By Matt Pigott - August 16th, 2016

Article Event Banner

Marketing Attribution: first in a three-part series

Data gathering protocols have improved, data analysis is improving, but the all-important component that completes the circle is marketing attribution, and it’s a hot topic right now. Knowing that data-driven marketing is one of the most effective ways of gaining real value from budgets, CMOs have it at the top of their agenda. Research from AdRoll this year found that 84 percent of marketers consider attribution vital to marketing success. This figure was three times higher than the previous year.

It’s taken a while for the idea to percolate, but brands are recognizing that visible and measurable customer behaviours and interactions, across multiple touch points, are among the most valuable metrics at their disposal. Despite the value of this information, however, attribution marketing remains complicated.

Channels are proliferating with the speed of copulating rabbits. And while one rabbit in a cage is easy to feed and care for, several thousand hopping about in a borderless field is a much greater logistical challenge. Getting things under control is a top priority. But the right tools and strategies are needed to do it.

Which are the best channels for the job?

Weighing the effectiveness of marketing channels, leveraging the ones that work best by allocating them more budget, while tweaking or dropping those that are underperforming, is an increasingly important part of the marketing role. But even this is an oversimplification of what attribution entails.

Attribution isn’t simply deciding if something is working or isn’t, but asking the most important question – why? If some aspect of strategy is underperforming, for example, it’s worth considering that it might not be a platform problem, but some other issue relating to the content. Or it could simply be that content and platform are mismatched and that the content needs repurposing. For attribution to work, analysis of the data needs to scratch well beneath the surface so that content can be effectively optimized.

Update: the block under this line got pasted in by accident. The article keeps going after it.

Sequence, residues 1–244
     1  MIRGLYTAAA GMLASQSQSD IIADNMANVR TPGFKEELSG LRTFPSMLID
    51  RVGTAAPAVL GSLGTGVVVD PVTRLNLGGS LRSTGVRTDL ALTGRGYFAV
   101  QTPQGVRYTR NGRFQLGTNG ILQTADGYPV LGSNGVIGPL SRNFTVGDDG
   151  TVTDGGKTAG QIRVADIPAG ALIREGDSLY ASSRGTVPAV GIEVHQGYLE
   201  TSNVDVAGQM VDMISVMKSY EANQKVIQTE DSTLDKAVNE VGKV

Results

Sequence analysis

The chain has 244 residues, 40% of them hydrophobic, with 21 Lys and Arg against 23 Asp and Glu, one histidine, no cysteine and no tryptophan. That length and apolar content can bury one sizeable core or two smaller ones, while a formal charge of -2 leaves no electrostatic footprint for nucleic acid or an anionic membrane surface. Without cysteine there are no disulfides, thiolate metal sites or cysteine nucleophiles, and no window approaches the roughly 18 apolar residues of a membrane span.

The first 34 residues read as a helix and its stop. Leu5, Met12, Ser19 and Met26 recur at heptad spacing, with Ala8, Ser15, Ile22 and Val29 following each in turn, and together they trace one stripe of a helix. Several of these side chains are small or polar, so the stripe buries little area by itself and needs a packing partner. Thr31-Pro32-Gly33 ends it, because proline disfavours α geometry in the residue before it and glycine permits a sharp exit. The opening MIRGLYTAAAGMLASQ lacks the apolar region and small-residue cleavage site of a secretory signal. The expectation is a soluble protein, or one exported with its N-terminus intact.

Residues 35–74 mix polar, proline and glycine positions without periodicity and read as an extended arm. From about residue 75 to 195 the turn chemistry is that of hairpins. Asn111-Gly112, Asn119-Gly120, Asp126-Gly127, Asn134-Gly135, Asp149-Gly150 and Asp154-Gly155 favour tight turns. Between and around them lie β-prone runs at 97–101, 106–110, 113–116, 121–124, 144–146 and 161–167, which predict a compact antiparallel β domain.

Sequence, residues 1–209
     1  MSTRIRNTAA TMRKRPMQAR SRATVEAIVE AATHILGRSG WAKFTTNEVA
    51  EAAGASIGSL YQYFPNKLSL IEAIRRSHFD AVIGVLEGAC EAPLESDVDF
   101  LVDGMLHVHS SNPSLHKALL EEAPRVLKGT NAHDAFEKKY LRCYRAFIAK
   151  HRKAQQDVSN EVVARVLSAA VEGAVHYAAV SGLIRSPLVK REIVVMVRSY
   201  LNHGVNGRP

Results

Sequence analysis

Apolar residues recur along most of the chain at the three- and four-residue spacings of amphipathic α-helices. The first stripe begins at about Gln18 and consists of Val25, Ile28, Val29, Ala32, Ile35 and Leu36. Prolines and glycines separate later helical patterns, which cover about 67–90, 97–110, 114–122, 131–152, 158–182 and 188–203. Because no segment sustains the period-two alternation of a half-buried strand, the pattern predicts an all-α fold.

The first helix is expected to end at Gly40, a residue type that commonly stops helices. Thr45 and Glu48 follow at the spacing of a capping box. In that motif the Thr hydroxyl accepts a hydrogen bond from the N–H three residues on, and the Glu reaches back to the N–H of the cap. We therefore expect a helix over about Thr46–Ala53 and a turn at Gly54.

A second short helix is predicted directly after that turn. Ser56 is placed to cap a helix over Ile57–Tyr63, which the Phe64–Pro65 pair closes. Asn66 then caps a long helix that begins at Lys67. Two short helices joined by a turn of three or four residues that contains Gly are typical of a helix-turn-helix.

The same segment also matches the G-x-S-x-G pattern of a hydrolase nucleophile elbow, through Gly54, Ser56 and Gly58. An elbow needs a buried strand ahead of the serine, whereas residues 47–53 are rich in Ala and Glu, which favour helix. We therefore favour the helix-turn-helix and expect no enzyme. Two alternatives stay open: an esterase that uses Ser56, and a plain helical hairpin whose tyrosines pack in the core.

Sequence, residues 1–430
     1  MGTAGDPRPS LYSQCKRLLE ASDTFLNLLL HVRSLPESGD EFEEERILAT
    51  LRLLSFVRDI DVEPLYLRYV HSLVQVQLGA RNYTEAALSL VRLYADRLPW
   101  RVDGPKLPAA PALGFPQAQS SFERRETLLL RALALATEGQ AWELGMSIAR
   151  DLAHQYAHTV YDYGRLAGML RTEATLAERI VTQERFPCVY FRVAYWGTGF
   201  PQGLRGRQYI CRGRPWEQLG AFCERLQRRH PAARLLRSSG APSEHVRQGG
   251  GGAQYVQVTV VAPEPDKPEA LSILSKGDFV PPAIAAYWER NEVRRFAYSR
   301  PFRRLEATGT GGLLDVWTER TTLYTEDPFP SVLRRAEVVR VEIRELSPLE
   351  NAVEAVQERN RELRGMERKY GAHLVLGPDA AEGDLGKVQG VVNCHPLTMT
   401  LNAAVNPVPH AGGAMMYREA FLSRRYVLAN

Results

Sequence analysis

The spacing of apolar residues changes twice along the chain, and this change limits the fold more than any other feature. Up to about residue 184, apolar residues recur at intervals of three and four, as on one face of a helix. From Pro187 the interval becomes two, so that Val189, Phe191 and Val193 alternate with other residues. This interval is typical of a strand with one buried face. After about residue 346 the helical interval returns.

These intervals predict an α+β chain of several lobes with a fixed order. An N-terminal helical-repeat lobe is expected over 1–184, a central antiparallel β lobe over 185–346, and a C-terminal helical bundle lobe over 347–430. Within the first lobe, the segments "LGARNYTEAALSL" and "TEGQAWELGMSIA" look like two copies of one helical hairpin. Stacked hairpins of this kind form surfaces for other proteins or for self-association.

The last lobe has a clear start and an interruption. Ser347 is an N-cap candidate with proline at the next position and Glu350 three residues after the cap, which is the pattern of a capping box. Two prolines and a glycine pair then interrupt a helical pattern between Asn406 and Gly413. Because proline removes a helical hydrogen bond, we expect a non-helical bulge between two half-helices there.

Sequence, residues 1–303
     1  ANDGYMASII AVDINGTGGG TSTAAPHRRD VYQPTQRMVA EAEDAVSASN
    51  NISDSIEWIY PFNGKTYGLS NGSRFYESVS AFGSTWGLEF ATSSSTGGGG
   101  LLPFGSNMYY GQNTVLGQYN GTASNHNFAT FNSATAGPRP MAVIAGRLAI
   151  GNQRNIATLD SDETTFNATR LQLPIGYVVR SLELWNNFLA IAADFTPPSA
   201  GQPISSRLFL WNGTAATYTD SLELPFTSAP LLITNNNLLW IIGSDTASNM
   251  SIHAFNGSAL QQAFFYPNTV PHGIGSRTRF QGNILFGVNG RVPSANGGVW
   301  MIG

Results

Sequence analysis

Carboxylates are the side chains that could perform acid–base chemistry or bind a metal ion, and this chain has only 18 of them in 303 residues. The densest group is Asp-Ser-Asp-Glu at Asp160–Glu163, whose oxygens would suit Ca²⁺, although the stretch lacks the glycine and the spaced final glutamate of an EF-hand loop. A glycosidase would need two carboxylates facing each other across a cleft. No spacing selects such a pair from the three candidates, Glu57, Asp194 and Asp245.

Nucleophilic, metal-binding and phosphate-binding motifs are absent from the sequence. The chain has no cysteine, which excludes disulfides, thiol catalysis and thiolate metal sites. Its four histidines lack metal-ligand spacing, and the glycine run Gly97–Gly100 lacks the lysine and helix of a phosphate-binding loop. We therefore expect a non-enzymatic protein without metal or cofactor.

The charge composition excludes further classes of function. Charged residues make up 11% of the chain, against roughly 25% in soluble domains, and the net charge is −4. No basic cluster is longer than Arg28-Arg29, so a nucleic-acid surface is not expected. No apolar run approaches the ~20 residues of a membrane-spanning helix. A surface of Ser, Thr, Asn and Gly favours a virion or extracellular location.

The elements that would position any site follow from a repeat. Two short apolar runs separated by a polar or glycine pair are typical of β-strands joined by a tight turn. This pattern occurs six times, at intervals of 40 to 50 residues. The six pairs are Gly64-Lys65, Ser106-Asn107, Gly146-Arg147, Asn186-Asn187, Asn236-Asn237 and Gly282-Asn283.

Customization is key

In one of our recent Incite pieces, Jennifer Corbett, VP of audience development and marketing at Discovery Communications, revealed that customization of content for social channels was key to gaining fans and followers. Without this customization, even top quality content was lost on an audience that didn't mind, as such, but was looking for a different experience. How did Corbett’s team discover this? Through careful analysis of data inflows. Which revealed that although there weren’t any fatal platform or key audience issues, the content simply wasn’t being optimized in harmony with user expectations.

Attribution marketing will let you know if people aren’t receptive. If your fantastic new video content is two minutes too long, or you’re overloading potential customers with onerous swathes of information when what they really want is bite-sized chunks, your data will let you know, and you can then do something about it. The core question CMOs need to ask then, is: if the content that’s believed, in-house, to be top shelf, but isn’t performing well, is it because the there's something wrong with the channel, or is it because the content needs pulling apart and repurposing. Often, it's the latter.

Combine data and creative for best outcomes

Ultimately, to gain optimum results, brands can’t rely on machines and smart algorithms alone. Minds need to go to work on the data. Then, through an iterative process, minds must drive the evolution of that content until it dovetails with audience expectations. Some trial and error on the creative side will be necessary, though with data providing clear signposting, and analysis of that data helping to plot a clear path on the strategy map, errors should be minimal.

That said, while data can provide strong evidence of a particular channel underperforming, it’s the analysis of that data and the questions posed that lead to the best creative solutions. Data needs the support of creative to have any material use, and creative needs the inflow of data if it's to set off in the right direction, delivering content that amounts to a great end user experience.

Knowledge is only power if you do something with it

While data will let marketers know what users are up to – how they’re reacting to content online, how they're behaving on different platforms, and even – when tracked through loyalty cards, or through mobiles interfacing with beacons and other tracking devices – what they’re up to in store, at some point a data-based strategy will need to be devised. Simply knowing what's happening isn’t attribution; it’s how that knowledge is then assessed and implemented through strategic actions with two central aims – to improve the customer experience and increase ROI.

comments powered by Disqus